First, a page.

DIVE Center

 

+1 305 924-1340

Reef Dive Sites

French Reef (20-40 ft, OWD)

The triangle-shaped French Reef Sanctuary Preservation Area is north of Molasses Reef and approximately six nautical miles southeast of Key Largo.  French Reef is known for its many caves and arches, easily accessible even to novice divers. At the south end is Hourglass Cave, named for its shape. Christmas Tree Cave is named for the large conical star coral mound that rises over the top located at the beginning of the coral formation.  French Reef is located within the boundaries of the Key Largo Existing Management Area, formerly Key Largo National Marine Sanctuary.

 

Information courtesy of NOAA: floridakeys.noaa.gov

 

Depth: 20-40 feet

 

Dive Level: OWD

Molasses Reef (15-35 ft, OWD)

Easily accessible, Molasses Reef Sanctuary Preservation Area is the most heavily visited reef in the Upper Keys – perhaps the world – for diving. Molasses is famous for its clear water, many fish, and numerous boulder corals. It is a classic outer reef with a well-defined spur and groove system of coral development.

At the central portion of Molasses, offshore of the light, are a large ship’s winch and historic Spanish anchor.

Molasses Reef is located within the boundaries of the Key Largo Existing Management Area, formerly Key Largo National Marine Sanctuary.

 

Information courtesy of NOAA: floridakeys.noaa.gov

 

Depth: 15-35 feet

 

Dive Level: OWD

Key Largo Dry Rocks (15-20 ft, OWD)

Key Largo Dry Rocks is home to the “Christ of the Deep” statue, a nine foot bronze statue that sits in a sand channel on the offshore side of Key Largo Dry Rocks in less than 25 feet of water.

Key Largo Dry Rocks is located within the boundaries of the Key Largo Existing Management Area, formerly Key Largo National Marine Sanctuary.

The buoys are situated in a circle around the reef. Vessels must navigate around the outside of the buoys, as trying to cut across the SPA to buoys will result in grounding on the reef.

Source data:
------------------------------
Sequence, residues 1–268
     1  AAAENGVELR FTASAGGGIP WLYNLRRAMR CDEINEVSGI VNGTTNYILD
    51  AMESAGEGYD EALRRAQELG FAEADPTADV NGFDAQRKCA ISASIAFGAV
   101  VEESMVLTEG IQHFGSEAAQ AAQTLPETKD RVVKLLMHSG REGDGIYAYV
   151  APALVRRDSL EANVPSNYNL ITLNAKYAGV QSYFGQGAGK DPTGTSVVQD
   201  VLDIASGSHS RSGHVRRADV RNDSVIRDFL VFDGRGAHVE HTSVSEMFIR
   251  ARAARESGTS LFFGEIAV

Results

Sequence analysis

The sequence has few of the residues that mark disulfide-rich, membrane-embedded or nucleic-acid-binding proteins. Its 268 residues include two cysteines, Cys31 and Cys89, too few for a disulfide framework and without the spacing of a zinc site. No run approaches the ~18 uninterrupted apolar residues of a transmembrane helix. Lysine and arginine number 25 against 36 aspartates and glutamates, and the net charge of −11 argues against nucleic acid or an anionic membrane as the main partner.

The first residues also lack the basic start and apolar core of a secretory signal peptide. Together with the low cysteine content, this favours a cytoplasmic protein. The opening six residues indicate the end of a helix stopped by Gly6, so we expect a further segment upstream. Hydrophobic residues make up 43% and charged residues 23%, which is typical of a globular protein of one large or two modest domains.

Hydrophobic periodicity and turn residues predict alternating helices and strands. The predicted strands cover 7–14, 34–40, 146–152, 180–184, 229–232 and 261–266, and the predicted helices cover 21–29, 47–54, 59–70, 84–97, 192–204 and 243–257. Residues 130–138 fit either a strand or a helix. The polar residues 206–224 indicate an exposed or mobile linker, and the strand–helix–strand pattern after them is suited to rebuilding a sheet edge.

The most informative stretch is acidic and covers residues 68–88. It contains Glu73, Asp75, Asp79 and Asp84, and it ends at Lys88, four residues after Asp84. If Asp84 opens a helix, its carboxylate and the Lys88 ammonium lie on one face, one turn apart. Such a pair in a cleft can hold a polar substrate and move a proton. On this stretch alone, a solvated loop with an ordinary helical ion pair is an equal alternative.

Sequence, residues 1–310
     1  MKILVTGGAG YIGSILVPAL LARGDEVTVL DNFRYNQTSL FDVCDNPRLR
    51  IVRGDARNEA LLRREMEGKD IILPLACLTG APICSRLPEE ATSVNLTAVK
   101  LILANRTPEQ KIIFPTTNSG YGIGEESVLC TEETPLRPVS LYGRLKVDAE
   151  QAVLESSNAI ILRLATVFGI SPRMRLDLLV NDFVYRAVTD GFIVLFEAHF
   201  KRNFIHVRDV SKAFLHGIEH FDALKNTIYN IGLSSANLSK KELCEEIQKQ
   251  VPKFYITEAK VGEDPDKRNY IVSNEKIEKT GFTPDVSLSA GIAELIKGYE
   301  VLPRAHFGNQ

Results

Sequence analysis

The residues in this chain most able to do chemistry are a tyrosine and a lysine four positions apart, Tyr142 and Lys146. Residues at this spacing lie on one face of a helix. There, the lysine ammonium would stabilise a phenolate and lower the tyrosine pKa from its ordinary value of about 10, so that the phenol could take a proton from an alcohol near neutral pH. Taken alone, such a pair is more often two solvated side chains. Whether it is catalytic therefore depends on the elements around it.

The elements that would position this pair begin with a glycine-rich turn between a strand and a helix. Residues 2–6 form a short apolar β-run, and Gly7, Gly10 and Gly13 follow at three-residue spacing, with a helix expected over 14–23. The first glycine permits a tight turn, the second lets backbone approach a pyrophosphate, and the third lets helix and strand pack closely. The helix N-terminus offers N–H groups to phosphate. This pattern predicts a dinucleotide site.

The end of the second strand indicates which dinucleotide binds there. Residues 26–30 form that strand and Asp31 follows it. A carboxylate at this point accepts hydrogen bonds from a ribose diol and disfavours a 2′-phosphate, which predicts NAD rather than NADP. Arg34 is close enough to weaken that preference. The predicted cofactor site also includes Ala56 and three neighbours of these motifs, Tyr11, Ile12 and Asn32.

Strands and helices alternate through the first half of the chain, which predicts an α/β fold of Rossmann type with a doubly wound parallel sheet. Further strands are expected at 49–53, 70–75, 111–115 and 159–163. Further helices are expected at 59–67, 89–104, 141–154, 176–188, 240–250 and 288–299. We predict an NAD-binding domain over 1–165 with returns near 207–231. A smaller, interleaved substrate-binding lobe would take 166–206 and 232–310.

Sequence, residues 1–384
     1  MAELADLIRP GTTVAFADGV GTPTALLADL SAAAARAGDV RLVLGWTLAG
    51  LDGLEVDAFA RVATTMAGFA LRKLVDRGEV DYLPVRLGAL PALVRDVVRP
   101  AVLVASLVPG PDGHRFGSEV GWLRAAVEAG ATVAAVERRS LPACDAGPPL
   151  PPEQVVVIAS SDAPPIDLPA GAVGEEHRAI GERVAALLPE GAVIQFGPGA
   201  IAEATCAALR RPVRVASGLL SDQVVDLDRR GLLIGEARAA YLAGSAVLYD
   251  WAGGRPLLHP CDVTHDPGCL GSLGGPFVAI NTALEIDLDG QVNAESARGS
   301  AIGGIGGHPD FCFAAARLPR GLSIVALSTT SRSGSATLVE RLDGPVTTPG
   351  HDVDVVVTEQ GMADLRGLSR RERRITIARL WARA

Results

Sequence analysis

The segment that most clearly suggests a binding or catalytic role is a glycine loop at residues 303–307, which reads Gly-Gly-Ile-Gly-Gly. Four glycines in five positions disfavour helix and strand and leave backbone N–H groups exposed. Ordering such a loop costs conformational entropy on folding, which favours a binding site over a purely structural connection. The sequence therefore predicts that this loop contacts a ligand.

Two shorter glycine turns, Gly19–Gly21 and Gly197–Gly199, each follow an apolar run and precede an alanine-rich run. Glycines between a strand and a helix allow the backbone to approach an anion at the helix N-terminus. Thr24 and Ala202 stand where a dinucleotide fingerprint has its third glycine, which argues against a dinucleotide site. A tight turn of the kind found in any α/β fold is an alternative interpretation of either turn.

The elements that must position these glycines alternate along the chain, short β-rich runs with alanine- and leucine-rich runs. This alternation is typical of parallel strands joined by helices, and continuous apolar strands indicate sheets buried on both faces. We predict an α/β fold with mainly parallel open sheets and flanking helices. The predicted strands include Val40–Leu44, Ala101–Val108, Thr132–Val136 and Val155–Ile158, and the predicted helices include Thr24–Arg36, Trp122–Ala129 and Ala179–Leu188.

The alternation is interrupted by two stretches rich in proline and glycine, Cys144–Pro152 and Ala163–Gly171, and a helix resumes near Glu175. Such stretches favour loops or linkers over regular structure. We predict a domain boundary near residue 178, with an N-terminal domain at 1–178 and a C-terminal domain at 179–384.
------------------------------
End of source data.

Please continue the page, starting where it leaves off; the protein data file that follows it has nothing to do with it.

Information courtesy of NOAA: floridakeys.noaa.gov

 

Depth: 15-25 feet

 

Dive Level: OWD

Pickles Reef (15-25 ft, OWD)

Pickles is a large, shallow reef area where divers and snorkelers can view well-formed corals. The name comes from cement-filled pickle barrels sunk here during the Civil War. These barrels are now covered with the largest pillar corals in the Keys. Numerous ledges and crevasses attract juvenile and tropical fish of many species. Look for purple sea fans, conchs, and the occasional lobster too.

 

Pickles is close to Molasses Reef, and the wrecks Duane and Bibb.

 

Depth: 15-25 feet

 

Dive Level: OWD

Snapper Ledge (15-25 ft, OWD)

Snapper Ledge is a shallow reef in 25 feet of water off of Key Largo. Because of the countless Yellowtail Snapper (hence the name) found at the site, this ledge is a local favorite and a highly recommended dive spot. Often, the schools of fish are so thick that you cannot see through them. You can usually count on seeing a few nurse sharks along with green and spotted Moray Eels. Other frequent sightings include Goat Fish, Hog Snappers, Trunk Fish, Sea Urchins, Crabs, Lobster, Nurse Sharks, Spider and Arrow Crabs, Rays, Octopus, Corkscrew Anenome, Eel, Cleaner Shrimp, Butter Hamlet, and Hawk Fish.

One of the largest and healthiest Boulder Brain Corals (Colpophyllia natans) in the Upper Keys can be found on Snapper’s Ledge. This site is an exceptional location for both snorkeling and diving — a serious “Must Dive” site in the keys.

 

Depth: 15-25 feet

 

Dive Level: OWD

Conch Wall (55-110 ft, OWD, AOWD)